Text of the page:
Unemployment insurance Claims Jump to 2-plus Year High

By Mark Lieberman

Managing Director and Senior Economist


  • There were 252,000 1st-time claims for unemployment insurance for the week ended December 7, 2019, an INCREASE of49,000from the previous week’s unrevised 203,000;
  • The four-week moving average of initial claims ROSE 6,250 to 224,000;
  • Four-week moving average represented 0.141 percent of employment, UP from 0.139 percent one week earlier;
  • The number of continued claims – individuals who had been collecting unemployment insurance — reported on a one-week lag, was 1,667,000 for the week ended November 30, DOWN 31,000 from the previous week’s UPWARDLY REVISED 1,698,000 (from 1,693,000)
  • The four-week moving average of continued claims FELL 6,250 to 1,676,000.


  • The surge in the number of first-time claims was the largest since the number of first-time claims soared 61,000 for the week ended August 28, 2017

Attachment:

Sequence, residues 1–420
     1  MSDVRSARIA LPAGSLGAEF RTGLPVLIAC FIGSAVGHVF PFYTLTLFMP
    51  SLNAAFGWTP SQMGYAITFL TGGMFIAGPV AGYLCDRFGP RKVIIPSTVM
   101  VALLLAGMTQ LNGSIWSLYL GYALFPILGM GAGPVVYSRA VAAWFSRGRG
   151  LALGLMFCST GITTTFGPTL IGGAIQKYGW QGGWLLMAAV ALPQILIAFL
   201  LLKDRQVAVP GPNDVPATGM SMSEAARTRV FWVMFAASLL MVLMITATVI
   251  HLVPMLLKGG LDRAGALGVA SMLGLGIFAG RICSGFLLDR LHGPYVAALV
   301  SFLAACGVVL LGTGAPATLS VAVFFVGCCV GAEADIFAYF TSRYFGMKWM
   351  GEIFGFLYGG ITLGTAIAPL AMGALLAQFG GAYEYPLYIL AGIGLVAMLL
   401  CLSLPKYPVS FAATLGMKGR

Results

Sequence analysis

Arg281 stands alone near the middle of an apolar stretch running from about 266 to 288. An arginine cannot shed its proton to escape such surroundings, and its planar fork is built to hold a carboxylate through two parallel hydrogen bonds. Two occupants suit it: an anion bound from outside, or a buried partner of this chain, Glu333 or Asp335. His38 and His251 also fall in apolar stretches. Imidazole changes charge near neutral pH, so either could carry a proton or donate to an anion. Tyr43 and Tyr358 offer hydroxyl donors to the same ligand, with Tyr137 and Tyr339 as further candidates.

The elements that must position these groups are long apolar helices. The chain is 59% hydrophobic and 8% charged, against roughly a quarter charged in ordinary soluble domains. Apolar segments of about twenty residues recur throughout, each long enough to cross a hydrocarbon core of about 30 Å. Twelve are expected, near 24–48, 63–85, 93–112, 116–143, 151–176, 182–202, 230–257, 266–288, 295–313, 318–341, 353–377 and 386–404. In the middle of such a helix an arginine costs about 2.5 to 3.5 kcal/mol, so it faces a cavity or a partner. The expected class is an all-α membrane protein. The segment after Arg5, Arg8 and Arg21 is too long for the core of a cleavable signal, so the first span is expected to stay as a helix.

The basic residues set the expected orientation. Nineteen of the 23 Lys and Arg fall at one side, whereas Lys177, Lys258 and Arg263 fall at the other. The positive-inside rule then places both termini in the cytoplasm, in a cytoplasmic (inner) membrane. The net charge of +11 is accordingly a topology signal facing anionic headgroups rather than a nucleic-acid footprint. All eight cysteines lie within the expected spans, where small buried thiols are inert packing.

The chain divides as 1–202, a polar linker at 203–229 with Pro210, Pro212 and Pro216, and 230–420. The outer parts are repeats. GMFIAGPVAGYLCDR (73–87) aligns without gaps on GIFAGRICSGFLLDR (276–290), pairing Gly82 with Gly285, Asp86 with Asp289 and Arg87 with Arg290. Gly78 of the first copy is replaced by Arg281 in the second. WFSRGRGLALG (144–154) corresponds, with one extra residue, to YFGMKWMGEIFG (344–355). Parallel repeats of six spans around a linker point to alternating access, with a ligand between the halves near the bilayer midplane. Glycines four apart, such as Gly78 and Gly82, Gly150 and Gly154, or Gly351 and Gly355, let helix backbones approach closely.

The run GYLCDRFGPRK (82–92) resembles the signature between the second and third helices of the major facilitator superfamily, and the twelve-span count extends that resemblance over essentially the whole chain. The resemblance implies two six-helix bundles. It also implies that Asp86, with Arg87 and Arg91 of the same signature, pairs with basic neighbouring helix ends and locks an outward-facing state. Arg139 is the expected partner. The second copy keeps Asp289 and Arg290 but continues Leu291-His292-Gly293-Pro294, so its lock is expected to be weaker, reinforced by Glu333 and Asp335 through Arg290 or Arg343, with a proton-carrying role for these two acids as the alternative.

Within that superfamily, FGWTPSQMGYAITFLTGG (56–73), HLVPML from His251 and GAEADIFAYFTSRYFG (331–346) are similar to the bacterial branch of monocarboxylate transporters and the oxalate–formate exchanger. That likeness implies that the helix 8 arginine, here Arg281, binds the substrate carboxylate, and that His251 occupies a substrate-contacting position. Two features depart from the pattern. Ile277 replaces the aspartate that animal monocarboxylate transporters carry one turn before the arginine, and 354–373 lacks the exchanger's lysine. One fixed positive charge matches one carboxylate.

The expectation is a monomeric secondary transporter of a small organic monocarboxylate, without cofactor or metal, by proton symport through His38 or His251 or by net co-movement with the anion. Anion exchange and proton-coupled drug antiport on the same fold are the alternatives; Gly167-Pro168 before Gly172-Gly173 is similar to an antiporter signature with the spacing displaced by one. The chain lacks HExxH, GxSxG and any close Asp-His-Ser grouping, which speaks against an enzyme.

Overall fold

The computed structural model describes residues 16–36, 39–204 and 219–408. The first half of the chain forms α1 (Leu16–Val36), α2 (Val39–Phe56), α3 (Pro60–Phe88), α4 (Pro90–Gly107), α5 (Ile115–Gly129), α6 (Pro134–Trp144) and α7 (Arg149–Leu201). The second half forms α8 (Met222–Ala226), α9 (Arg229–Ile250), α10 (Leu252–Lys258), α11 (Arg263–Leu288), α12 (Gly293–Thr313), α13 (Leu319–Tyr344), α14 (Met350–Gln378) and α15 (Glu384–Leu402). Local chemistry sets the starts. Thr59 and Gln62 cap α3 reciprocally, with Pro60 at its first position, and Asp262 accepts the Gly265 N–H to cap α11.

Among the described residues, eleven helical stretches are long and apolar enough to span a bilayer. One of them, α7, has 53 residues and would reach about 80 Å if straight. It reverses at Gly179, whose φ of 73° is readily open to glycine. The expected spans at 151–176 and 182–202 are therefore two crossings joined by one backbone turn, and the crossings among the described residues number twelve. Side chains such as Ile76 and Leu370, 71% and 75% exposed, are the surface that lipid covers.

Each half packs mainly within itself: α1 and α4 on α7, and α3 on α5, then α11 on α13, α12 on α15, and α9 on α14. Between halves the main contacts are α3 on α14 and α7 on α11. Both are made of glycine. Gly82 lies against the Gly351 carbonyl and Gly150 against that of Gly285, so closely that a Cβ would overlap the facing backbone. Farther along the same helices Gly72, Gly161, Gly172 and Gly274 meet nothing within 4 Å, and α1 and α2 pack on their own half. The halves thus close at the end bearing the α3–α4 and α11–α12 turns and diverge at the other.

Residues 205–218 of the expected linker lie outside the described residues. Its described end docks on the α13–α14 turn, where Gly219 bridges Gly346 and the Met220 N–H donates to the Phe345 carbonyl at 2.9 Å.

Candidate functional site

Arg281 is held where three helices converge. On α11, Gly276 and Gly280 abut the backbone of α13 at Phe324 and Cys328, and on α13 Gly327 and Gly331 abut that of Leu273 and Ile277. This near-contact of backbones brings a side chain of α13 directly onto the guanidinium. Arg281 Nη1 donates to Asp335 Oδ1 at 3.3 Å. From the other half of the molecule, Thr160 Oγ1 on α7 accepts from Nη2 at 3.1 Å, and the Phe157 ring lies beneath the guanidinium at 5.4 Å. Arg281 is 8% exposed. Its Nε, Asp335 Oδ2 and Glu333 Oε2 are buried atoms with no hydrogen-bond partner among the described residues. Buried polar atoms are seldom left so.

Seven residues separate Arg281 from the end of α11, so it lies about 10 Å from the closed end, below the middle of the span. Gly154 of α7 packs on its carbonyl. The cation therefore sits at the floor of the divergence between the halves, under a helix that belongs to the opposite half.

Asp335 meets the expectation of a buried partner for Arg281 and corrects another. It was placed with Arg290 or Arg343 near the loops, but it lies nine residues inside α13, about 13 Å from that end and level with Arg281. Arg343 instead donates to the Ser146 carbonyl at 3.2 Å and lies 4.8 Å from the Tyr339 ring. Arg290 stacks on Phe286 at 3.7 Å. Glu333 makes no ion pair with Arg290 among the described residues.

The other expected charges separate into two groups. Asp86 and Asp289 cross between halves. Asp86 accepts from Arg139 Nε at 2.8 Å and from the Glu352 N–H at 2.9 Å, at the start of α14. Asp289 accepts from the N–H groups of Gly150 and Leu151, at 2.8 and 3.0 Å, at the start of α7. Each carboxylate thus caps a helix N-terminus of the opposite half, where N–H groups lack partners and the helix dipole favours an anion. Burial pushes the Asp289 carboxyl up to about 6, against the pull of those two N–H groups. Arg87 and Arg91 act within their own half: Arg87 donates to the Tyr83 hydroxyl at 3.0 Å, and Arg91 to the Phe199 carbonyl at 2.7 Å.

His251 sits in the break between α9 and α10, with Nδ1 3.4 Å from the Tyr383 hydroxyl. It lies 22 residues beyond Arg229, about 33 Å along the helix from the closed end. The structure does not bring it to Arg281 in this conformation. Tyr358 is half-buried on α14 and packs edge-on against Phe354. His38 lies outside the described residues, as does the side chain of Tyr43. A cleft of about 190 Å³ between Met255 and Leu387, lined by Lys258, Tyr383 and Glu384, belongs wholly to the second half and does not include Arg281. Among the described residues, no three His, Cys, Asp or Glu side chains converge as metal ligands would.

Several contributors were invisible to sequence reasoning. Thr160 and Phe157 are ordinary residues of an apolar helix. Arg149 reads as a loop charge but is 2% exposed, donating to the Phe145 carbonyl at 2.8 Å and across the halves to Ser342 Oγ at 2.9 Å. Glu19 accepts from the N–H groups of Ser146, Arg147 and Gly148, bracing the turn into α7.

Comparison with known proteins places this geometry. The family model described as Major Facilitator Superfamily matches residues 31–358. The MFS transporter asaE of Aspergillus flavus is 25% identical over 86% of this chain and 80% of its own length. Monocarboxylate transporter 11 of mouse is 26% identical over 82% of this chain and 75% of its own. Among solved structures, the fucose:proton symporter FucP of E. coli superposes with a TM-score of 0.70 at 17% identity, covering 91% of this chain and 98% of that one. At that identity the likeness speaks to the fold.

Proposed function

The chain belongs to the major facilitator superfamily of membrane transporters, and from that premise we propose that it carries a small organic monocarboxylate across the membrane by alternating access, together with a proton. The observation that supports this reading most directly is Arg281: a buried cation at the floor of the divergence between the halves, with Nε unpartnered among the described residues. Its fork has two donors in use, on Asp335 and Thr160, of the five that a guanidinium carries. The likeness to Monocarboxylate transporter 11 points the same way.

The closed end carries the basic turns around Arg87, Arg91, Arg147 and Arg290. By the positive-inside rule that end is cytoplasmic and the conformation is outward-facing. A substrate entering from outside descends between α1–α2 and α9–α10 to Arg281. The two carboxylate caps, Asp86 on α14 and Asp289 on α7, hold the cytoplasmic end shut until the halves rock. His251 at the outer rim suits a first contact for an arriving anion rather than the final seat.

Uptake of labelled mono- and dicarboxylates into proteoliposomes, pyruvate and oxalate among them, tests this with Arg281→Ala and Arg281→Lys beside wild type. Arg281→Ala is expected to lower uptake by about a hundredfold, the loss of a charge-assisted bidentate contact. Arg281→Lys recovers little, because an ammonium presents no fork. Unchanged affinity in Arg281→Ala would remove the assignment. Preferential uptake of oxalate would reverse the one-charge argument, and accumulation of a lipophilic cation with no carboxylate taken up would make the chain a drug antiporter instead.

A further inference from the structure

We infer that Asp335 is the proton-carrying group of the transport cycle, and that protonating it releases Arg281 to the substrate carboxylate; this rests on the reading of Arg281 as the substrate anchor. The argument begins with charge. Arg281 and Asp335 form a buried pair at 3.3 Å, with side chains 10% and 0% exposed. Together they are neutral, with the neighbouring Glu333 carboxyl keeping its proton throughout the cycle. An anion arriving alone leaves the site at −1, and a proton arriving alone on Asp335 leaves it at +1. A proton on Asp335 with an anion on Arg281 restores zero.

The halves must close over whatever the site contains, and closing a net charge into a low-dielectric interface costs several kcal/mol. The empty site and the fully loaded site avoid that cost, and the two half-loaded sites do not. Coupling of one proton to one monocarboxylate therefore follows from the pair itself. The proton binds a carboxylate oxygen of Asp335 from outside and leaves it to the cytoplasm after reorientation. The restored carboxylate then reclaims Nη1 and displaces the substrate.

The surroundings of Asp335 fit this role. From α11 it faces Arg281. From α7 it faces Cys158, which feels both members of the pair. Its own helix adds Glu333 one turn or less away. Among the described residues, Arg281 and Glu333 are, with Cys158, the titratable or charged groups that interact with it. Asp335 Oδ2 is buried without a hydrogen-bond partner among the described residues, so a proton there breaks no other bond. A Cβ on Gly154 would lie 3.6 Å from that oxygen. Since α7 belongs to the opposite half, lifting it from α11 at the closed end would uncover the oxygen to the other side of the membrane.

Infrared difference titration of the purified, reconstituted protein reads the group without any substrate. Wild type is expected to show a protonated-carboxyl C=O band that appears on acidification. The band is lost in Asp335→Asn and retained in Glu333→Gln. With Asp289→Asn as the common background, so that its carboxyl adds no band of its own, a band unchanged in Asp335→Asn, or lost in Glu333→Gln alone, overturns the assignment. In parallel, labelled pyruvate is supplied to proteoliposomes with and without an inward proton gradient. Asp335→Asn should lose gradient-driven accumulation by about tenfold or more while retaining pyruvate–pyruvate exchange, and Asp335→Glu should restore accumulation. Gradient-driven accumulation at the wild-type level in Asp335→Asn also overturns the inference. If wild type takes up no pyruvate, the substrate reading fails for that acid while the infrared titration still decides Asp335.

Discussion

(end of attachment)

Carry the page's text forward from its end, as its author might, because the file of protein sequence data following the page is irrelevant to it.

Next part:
• The number of first-time claims rose to the highest level since the week ended September 25, 2017;
  • The four-week moving average of initial claims rose to its highest since May;

Data Source: Department of Labor

Image result for unemployment great depression

Just one week after initial claims for unemployment insurance fell to the lowest level since April, first-time claims soared to the highest reading in more than two years, the Labor Department reported Thursday.

There were no external factors such as storms or labor unrest which might have led to the surge which was likely more related to the calendar. Weekly claims data are highly volatile in the best of times, even more so this week which reflected a later-than-usual Thanksgiving holiday. During holiday periods displaced workers can file claims electronically even as government workers who process them may take vacation.

Claim filings this year have been rocked by weather and the California wildfires which led to temporary jumps in the readings followed closely by a sizable decline suggesting no long-term negative labor trend. Even continued claims – which reflect previous claimants who remain on unemployment rolls—have not shown any sustained increase which would suggest difficulty in securing new employment.

You can hear Mark Lieberman Friday mornings at 6:20 am on POTUS’ Morning Briefing, Sirius-XM 124. You can follow him on Twitter at @foxeconomics. 7

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